Review: ‘Rambo: Last Blood’: Hopefully the last we’ll see of Rambo

Christopher Kelly, news staff

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“Rambo: Last Blood” sees the final return of character John Rambo, played by Sylvester Stallone, and marks the utter downfall of the series and the once-great action movie legend. This film is the definition of “cash grab” with its bad pacing, cliched plot and the overall boring execution of a straight-to-DVD action flick. 

The side characters were mostly forgettable to the point where I was unsure what the main antagonists’ names were after the movie ended. While Yvette Monreal’s portrayal as Rambo’s niece, Gabriela, was the driving force of the plot, it’s unclear what her purpose was beyond a plot device to make Rambo kill people again. 

This movie can be summed up as the Rocky V of the Rambo saga. It felt less like “Logan” and more like “Terminator: Genisys” for an early action movie hero who feels like they can phone it in for an hour-and-a-half drag with no real connection to what made the original film popular. 

Alan Ladd as Shane in “Shane,” or even Hugh Jackman as Wolverine in “Logan,” are examples of what this movie was going for in its portrayal of Rambo as the old gunslinger who must once again take up his guns, but it falls short by lacking any of those core story themes. Rambo is still a tank of a human who can take out swarms of enemies at a time, so at no point in this film did it seem that he, who should be in his late 70s by now, was in any real danger. This dehumanizes the character and draws the audience out of any real stake in the plot. Additionally, the sharp turn the movie makes by beginning as a tale of redemption then shifting to revenge is so jarring it feels almost inappropriate. 

From a filmmaking standpoint, the movie paled in comparison to “First Blood,” with a great deal of the shots looking less realistic and more overdone than those of the original Rambo movie that kicked the franchise off in 1982. Ultraviolence in movies is nothing new, but if viewers are watching their hero mercilessly rip into nameless thugs they don’t care about, it loses its weight. While watching the film, I hoped the absolute bore of a setup would mean a large payoff in the final fight, but by the time the bodies actually started dropping in the climax I had already lost interest.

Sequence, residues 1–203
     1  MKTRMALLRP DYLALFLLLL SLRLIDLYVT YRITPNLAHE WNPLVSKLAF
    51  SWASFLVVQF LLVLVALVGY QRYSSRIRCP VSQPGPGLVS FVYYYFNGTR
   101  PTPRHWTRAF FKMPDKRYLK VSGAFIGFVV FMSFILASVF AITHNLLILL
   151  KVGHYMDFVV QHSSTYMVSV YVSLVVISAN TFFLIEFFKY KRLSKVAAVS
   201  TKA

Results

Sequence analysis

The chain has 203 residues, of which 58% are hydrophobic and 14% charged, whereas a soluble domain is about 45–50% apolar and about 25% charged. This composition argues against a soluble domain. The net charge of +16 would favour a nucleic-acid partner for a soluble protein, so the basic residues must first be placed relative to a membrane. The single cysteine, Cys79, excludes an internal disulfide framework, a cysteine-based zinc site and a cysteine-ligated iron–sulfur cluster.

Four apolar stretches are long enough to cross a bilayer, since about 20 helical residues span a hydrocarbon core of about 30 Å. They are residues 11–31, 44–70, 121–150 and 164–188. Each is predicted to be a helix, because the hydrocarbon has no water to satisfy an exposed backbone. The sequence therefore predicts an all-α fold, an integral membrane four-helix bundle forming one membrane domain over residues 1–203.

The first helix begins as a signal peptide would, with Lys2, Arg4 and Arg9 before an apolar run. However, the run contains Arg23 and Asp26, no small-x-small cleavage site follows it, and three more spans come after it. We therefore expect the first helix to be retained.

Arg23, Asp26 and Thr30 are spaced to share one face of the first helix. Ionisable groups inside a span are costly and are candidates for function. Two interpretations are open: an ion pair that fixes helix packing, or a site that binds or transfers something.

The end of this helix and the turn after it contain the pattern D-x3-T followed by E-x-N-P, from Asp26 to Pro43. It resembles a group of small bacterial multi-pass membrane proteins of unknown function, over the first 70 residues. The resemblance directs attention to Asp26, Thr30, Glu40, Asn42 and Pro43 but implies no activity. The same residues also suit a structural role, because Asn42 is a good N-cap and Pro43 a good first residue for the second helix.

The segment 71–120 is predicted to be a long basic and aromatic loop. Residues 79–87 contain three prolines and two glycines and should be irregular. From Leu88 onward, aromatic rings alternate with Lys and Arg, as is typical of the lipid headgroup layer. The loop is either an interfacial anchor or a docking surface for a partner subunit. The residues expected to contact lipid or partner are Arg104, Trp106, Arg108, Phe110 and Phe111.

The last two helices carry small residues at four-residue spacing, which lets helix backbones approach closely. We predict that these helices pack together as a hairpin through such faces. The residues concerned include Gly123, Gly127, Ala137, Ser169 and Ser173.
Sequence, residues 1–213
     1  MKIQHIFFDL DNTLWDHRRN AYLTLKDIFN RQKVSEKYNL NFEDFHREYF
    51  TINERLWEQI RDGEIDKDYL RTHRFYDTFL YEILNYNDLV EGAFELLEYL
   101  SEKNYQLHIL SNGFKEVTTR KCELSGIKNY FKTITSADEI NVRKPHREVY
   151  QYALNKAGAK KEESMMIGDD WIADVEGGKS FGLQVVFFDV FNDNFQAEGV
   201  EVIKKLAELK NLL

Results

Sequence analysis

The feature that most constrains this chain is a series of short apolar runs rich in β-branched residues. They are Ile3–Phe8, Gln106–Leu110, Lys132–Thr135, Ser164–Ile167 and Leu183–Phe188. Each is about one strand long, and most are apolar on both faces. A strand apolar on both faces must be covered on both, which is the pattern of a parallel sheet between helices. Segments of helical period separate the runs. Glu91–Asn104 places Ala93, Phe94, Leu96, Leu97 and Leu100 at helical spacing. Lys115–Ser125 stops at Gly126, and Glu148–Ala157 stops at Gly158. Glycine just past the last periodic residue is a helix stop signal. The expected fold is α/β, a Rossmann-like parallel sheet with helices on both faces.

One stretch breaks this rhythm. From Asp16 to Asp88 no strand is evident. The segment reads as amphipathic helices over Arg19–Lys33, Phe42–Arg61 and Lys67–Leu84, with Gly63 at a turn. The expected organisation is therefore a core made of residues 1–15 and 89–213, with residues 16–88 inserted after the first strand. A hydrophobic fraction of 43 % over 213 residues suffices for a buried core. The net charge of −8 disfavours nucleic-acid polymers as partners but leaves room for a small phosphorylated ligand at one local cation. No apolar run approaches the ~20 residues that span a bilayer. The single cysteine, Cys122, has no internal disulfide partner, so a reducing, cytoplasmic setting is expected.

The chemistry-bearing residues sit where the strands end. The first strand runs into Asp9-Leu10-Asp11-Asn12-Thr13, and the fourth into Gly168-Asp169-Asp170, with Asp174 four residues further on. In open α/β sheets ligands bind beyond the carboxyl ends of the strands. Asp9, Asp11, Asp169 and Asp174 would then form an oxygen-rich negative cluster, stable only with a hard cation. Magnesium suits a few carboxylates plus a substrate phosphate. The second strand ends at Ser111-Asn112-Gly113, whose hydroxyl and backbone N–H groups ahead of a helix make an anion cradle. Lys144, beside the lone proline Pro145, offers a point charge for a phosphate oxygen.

This does not even touch upon the stereotypes depicted in this film, which portrays Mexico as a crime-ridden slum right across the border in a way that seemed forced for the sake of plot. Gabriela was in the city for one night before she was tricked, drugged and kidnapped. It appears the filmmakers made certain assumptions without looking at what the people of Mexico are actually like. 

“First Blood” told an interesting story about a discarded Vietnam veteran being pushed into survival against a vindictive police force. It had genuine heart when discussing how U.S. veterans were treated after returning home to find many Americans despising them. Rambo is a man who’s supposed to be looking for peace after seeing so much war and death, but in this film all he does is seek to murder every member of the Mexican gang who kidnapped his niece. Characters can and should evolve throughout a franchise, but the heart of Rambo has changed so much that by the final chapter, he feels like an entirely different person. When the final credits roll and feature clips from the previous films, the message is clear — anyone who made it through the movie should do themselves a favor and watch its much better predecessors.